Even if these points are not easily quantified, they are certainly significant. So “cheap” energy (and cheap everything) is in itself beneficial, contrary to the narative of green/red ideologues.
Absolutely outstanding argument Alex. Tom & Kent make outstanding additional points.
Just one example of what has been entirely ignored is the Value Proposition of gasoline and the automobile. Freedom is what you get when you purchase gasoline. It is often totally ignored that despite fuel taxes in Europe that run in the $80 to $100/ barrel range, families in Europe still tend to own automobiles. Not as intensely as in the US, but nonetheless they do own and drive autos.
What is also interesting is to see how the Entertainment Industry has tended to embrace the environmental extremist views. Can you imagine Rock & Roll (and R&B/Soul) from Chuck Berry to Bruce Springsteen… without the “Fast Car” songs?
@Kent Hawkins: There *are* “quick fix” solutions, though in today’s corrupt culture, quick != easy. That quick fix would be to free up the energy market as Alex advocates. Let all energy sources compete on the market freely, without subsidies or special taxation, and without being subject to ridiculous environmental regulations. Instead of environmental regulations, refer to Alex’s alternative rights-based solution to pollution which is objective rather than based on pull peddling in Washington.
Nuclear energy alone has the potential to sustain human life and growth for the foreseeable future, and would almost certainly develop quickly in a truly free market, and doubly so if people believe that fossil fuels are “running out” (though they are not).
*Forget* conservation — I want *more* positive externalities in my life, and that means *more* energy use.
I agree with the method of analysis and the need to weigh the full breadth of positives and negatives, seen and unseen, in their entirety. However, I’m not as convinced that the results would be so glaringly positive for as far as coal is concerned. Natural gas is an unavoidable component of our energy mix for the foreseeable future, but coal strikes me as the horse and buggy.
I’m not sure that comparing externality of the natural evolution of industry employment to the contamination of drinking water or air is really apples to apples. One seems much closer to an affront on the personal freedoms, or individual rights, you touch on while the other is a change in the economic value of skill sets.
I think it’s important to note that not all fossil fuels are created equal and wouldn’t wind up in the same place on the bottom line if broken apart. As Tom notes, fossil fuels have become cheaper to harvest and plants have become more efficient, but the externalities of new plants are very different from trying to quantify the hidden costs of keeping old plants open—especially coal. Comparing renewables to a brand new natural gas fired cogeneration plant is one thing, but comparing them to a 50+ year old coal plant is another animal. Correct me if my stats are off, but a quick search was yielding the median age of our nation’s coal plants at 1966, with over 30% being built before 1960. The liabilities of the oldest part of the fleet (i.e. the dirtiest and the least efficient) have to be assessed as well.
As for raising the price of electricity and its affect on the economy, I don’t think the doomsday scenario of coming to a screeching halt is inevitable. Of course, it would depend on the degree of rise in cost, but even in a significant advance I think that Kent’s point of use touches on a more likely outcome—though I would peg it as less arduous. If power costs rise conservation, but moreso efficiency, would rise to decrease consumption. As an architect, I think buildings would be a huge component. Buildings draw somewhere between 35-40% of our electricity, but most buildings could easily be 20% more efficient (especially our homes which I believe account for half of that number). Cheap power makes efficiency less of a priority, but more expensive power would make using less that much more equitable.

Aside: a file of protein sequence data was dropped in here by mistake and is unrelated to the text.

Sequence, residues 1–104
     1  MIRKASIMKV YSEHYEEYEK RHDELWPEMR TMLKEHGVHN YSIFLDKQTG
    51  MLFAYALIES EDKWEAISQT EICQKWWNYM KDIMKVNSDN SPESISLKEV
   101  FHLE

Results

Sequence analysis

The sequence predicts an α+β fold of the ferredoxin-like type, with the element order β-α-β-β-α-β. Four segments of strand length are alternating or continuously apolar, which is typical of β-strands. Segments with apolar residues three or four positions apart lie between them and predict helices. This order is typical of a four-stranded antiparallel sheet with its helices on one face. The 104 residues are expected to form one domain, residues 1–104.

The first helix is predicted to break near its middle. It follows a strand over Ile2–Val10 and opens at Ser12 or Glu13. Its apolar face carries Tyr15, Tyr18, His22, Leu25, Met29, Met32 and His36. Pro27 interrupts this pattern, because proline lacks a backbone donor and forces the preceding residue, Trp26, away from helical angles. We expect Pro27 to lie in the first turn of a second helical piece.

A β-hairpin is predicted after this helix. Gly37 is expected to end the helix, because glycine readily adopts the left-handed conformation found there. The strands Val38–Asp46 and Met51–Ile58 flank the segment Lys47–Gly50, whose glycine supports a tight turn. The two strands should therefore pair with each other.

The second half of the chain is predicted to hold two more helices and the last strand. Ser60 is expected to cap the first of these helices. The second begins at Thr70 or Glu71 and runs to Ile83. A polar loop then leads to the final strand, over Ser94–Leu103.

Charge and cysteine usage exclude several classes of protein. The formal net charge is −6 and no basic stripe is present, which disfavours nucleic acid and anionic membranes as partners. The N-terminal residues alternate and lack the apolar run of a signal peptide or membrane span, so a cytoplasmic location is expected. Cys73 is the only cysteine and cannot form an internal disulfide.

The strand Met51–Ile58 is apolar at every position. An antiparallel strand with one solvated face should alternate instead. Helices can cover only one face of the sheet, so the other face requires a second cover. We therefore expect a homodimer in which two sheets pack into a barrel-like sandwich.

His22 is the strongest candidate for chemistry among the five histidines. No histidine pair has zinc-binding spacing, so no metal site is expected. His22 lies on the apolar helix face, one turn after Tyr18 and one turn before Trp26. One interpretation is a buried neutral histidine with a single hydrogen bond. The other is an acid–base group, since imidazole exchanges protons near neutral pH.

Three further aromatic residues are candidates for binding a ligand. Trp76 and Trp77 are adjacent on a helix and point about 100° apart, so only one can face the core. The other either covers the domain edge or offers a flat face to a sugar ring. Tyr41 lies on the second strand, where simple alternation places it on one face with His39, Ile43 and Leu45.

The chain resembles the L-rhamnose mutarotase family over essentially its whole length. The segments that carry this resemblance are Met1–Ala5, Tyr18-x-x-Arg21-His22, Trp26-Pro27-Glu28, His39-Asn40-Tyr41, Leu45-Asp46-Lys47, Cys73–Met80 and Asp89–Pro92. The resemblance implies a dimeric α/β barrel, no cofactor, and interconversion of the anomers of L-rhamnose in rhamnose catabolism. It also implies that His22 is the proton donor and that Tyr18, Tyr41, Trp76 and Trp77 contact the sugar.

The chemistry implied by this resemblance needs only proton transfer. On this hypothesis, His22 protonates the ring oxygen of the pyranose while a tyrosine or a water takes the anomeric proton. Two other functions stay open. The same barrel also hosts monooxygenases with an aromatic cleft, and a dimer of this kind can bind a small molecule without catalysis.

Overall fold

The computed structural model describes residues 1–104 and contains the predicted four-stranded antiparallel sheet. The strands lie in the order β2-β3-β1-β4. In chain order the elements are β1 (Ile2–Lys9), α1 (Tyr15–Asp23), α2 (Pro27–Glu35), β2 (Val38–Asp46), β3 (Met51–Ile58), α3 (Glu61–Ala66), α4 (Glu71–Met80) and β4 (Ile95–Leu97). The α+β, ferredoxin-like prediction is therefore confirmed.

Ed Reid, we actually had estimates for each air basin by locale and that varied by time (as ambient air quality changes/changed.) What was perhaps most interesting is that the largest damage in some locales was not necessarily associated with public health. Transport from one basin to another was included in receptor damage.
T. Caine, one thing you have to consider as a positive externality of Coal is that it contributes to low natural gas prices. Yes, right now Natural Gas is low because new reserves have brought out a high elasticity of supply. However, if we replaced all of our coal amd nuke capacity with gas, you would increase Gas Demand by about 75% to 40 TCF/year. I would not want to bet that our production and reserves could keep up with that type of demand increase with prices nearly as low as they are today. Also, our “unclean” coal problem is a financing and “no one wants to pay” issue. Cleaning up our more modern plants (about 220 to 250 GW) is not all that expensive in the big picture scheme. It is only if one considers CO2 a pollutant where you come up with truly large numbers. Nearly all the health impacts of coal are due to non-CO2 causes.
We are saying much the same thing, but I am apparently being less clear about it. Some others may also misinterpret my comment so I welcome the opportunity to clarify it. I repeat my summation.
“Improving our existing energy sources, systems and infrastructure provides the optimal strategy to ensure the longer term success of our species. There are no ‘quick fix’ solutions, as many would appear to think, other than aggressive conservation.”
The optimal strategy is to continue with nuclear and fossil fuel energy sources. I would label sudden changes (including aggressive conservation) from this course “quick fixes”. Another example of a “quick fix” would be the massive implementation of wind plants and the equally massive increases in our grid infrastructure to accommodate its unreliable and diffuse energy source. Our focus should be on the optimal extraction, conversion, transportation and use of existing sources, where I am sure there is room for improvement.